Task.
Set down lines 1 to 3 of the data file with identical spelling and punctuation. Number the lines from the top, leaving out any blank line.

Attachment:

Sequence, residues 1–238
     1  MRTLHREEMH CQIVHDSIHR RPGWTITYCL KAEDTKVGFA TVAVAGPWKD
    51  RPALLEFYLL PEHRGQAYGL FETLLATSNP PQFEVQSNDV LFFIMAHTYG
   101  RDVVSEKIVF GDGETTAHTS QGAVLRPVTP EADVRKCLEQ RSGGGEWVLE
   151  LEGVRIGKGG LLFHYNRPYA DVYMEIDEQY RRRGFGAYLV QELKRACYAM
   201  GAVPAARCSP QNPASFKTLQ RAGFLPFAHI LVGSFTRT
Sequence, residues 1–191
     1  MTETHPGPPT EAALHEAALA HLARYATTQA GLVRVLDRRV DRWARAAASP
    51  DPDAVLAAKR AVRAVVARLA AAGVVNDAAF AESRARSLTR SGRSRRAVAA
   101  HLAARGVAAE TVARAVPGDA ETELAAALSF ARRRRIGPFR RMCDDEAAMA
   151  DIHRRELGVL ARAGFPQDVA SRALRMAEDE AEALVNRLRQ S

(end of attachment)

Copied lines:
Sequence, residues 1–238
     1  MRTLHREEMH CQIVHDSIHR RPGWTITYCL KAEDTKVGFA TVAVAGPWKD
    51  RPALLEFYLL PEHRGQAYGL FETLLATSNP PQFEVQSNDV LFFIMAHTYG